Sure, you can tuck into lunch at the perennially popular and always-crowded Maxwell Food Centre or Amoy Street Food Centre.
But the offerings you'll find at the nearby, lesser-known Tanjong Pagar Food Centre — located within the vibrant Tanjong Pagar Plaza housing estate on the other side of the MRT station — are nothing to scoff at.
Crispy and piquant Michelin-recommended curry puffs? You'll get that here. Springy wanton noodles served with moreish char siew and generously stuffed fried dumplings?
Check. Colourful, traditional kueh to take home for afternoon tea? This place has you covered. Here's a round-up of what to try.
Tanjong Pagar Food Centre | 6 Tanjong Pagar Plaza
Blue Star Fishball Minced Meat Noodle
You’ll discover a perpetual queue outside this stall at most hours of the day.
And it’s easy to see why. Blue Star Fishball Minced Meat Noodle doles out an array of heavenly bowls that come with firmly cooked noodles of your choice, and are topped with ingredients such as earthy mushrooms, firm and bouncy meatballs and fish balls, thin slices of fish cake, fish dumplings and minced meat.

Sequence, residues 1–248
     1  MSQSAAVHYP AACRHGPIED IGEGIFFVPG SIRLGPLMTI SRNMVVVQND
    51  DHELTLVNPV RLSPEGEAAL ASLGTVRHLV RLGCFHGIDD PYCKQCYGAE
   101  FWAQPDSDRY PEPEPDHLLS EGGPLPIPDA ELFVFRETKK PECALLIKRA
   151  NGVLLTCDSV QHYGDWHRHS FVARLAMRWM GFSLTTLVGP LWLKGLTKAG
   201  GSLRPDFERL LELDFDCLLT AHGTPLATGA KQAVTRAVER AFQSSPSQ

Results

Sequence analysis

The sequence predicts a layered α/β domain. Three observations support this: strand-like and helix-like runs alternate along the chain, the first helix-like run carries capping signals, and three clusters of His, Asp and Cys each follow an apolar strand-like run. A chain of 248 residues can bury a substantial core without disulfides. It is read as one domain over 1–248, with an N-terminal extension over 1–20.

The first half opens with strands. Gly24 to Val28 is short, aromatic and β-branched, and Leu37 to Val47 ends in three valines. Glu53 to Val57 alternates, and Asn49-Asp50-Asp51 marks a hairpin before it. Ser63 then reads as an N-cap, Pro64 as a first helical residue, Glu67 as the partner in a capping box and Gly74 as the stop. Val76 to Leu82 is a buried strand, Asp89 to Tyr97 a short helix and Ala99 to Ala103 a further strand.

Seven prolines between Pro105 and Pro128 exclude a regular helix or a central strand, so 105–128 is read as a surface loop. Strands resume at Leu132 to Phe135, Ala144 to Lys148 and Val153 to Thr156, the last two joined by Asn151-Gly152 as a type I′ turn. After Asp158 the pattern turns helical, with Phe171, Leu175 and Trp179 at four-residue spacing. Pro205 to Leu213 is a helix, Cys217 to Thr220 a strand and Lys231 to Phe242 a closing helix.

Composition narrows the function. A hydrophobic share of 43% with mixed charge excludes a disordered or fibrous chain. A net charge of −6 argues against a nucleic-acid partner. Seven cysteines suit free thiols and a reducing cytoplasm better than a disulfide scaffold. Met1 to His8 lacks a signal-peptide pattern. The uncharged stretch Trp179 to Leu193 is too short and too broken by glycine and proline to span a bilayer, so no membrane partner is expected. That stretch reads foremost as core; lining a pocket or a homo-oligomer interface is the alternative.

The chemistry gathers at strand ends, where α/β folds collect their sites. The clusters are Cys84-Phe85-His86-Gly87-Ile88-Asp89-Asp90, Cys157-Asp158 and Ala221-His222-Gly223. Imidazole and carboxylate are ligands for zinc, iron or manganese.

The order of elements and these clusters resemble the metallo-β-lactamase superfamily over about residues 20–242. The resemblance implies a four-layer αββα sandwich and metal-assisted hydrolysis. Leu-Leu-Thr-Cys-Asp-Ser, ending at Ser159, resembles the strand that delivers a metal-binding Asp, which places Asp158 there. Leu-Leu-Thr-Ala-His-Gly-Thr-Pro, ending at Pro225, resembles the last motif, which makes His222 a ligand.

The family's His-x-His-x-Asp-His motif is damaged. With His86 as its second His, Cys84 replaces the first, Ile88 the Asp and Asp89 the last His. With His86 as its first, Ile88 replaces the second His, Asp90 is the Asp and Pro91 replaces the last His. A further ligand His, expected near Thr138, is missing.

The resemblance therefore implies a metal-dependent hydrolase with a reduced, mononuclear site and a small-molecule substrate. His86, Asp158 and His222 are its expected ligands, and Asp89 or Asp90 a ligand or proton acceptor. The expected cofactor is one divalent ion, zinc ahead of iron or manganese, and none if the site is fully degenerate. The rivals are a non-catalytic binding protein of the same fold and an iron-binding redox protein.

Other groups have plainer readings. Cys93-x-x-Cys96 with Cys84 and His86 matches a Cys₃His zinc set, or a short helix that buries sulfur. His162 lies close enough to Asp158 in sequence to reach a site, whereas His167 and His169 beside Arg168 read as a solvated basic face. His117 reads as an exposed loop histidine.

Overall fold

The tasty sauce has an ideal ratio of chilli to vinegar, and sprinkles of crispy pork lard add the perfect finishing touch. Prices start at $3.
Rolina Traditional Hainanese Curry Puff
Given its Michelin Bib Gourmand listing, you’d be remiss if you drop by the food centre without stopping by this joint.
These buttery, crunchy golden pockets — which retail for $1.50 each — are stuffed to the seams with a delicious filling, and you can take your pick of two flavours: Original, which packs a punch with its aromatic curry paste; and sardine, which incorporates chunks of the distinctive-tasting fish.
Both will leave you wanting more, so we recommend picking up a few for good measure (they’re also on the small side).
Traditional Hakka Rice
Want to indulge in something a little healthier? Then this should be your port of call. Traditional Hakka Rice is one of Singapore’s most popular purveyors of thunder tea rice.